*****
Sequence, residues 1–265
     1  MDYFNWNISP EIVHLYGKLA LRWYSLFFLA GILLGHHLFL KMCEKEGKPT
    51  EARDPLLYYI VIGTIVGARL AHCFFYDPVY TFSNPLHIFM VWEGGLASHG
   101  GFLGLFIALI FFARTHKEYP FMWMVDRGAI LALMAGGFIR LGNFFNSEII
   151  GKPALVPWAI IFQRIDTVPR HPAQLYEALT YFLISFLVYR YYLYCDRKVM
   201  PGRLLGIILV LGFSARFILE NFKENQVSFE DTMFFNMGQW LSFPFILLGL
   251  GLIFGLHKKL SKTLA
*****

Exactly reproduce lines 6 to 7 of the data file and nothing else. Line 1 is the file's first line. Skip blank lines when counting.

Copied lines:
   201  PGRLLGIILV LGFSARFILE NFKENQVSFE DTMFFNMGQW LSFPFILLGL
   251  GLIFGLHKKL SKTLA